Holiday Letter from the Director

Ho-ho-ho and mistletoe! It’s the merriest time of the year – right?  However, for busy parents, it’s awfully easy to get overwhelmed by the demands of the season, and overlook opportunities to help children make meaning of the “season of giving”.  Take some time this holiday season to reflect on what you really want to instill in your children. Here are some tips for how to downplay consumerism and focus on creating lasting traditions:  

Remember why we do this.  Whether we celebrate Christmas, Hanukkah, Kwanzaa, or another winter celebration, we do so to remember that miracles happen.  That even on the darkest nights of the year, we can light a candle and share the light.  The rituals that we observe connect children to their family heritage, and create memories that stick with children for a lifetime.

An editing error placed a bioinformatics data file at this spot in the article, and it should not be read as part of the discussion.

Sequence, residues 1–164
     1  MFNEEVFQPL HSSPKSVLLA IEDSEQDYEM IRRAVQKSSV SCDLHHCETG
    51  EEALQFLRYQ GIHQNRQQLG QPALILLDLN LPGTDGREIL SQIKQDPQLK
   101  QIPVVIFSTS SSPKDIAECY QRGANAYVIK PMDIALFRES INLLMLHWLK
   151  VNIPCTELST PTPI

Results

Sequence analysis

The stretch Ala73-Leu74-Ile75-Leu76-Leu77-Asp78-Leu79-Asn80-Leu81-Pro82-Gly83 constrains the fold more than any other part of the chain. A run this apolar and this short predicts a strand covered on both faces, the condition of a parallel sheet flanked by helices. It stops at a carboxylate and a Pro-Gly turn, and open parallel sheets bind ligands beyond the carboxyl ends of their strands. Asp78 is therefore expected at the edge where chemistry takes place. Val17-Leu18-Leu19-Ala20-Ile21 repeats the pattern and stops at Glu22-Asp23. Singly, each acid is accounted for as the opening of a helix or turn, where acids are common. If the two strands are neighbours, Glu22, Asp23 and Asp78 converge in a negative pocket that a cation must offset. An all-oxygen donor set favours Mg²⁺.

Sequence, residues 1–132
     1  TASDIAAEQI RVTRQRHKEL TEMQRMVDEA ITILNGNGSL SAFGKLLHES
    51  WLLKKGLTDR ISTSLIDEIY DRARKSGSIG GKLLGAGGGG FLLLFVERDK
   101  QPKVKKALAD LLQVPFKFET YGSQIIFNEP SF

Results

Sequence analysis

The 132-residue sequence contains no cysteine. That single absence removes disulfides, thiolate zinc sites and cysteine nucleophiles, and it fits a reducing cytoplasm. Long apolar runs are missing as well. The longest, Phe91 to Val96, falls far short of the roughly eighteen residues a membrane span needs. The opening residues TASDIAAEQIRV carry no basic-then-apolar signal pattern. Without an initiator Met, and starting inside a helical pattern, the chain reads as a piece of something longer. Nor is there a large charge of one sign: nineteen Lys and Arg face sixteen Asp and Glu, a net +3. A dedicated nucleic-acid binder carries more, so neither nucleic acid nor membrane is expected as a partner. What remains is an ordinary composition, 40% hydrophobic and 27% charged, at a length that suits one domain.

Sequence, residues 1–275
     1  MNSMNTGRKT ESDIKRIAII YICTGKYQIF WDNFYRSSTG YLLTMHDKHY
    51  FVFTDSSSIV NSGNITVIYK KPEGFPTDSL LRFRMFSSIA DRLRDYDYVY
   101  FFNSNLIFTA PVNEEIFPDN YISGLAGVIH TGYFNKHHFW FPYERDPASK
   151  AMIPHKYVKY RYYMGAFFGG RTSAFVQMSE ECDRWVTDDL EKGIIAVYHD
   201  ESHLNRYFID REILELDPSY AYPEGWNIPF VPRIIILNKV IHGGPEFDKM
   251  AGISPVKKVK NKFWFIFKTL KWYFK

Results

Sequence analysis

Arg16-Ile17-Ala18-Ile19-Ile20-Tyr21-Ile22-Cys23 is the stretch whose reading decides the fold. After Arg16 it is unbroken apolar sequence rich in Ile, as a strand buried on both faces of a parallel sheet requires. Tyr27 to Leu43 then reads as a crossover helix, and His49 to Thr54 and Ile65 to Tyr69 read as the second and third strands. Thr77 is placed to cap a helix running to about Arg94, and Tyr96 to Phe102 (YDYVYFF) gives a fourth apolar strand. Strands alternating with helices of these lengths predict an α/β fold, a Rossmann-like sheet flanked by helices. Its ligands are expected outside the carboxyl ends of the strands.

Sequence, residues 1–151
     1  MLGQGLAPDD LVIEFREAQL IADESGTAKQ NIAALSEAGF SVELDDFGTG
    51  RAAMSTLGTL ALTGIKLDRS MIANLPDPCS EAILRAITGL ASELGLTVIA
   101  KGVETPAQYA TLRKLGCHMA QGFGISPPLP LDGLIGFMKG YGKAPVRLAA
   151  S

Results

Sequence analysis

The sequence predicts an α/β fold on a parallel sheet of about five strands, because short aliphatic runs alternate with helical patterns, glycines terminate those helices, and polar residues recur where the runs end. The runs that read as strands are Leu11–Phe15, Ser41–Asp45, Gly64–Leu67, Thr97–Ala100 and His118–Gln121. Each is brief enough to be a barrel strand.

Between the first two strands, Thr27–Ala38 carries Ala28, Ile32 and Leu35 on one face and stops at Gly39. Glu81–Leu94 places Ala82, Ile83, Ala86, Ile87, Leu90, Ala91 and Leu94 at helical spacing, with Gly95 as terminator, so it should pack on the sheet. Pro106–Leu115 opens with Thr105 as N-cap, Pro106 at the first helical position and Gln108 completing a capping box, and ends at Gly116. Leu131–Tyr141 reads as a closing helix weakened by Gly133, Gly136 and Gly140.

Get everyone in the family involved in the celebration. Even very young children can be included in spreading holiday cheer.  Go closets and donate items you haven’t used during the year and other items you don’t need. Have the children go through their toys and books to choose items to give away to others who are less fortunate.

Give in ways that matter.  Children naturally want to give, so capitalize on the opportunity to teach about charitable giving.  Choose a charity that you will support as a family. The amount you give is not important, but the act of giving teaches children empathy and caring. Let your children choose something that is important to them, or take a family vote! 

Choose clutter-free gifts. Giving thoughtful gifts to remind folks how much we love them can be a beautiful part of the season.  Children’s art, baked goods, a framed photo, or a recording of a favorite story, are meaningful gifts cherished by the recipient. 

Clear the calendar for fun.  Carve out some time for family togetherness and spend it making memories.  This is the most valuable gift you can give one another. Whether  baking and decorating cookies, making your own gift wrap, or snuggling in with popcorn and a stack of holiday movies, the important thing is that everyone is sharing the experience together and memories are being made.


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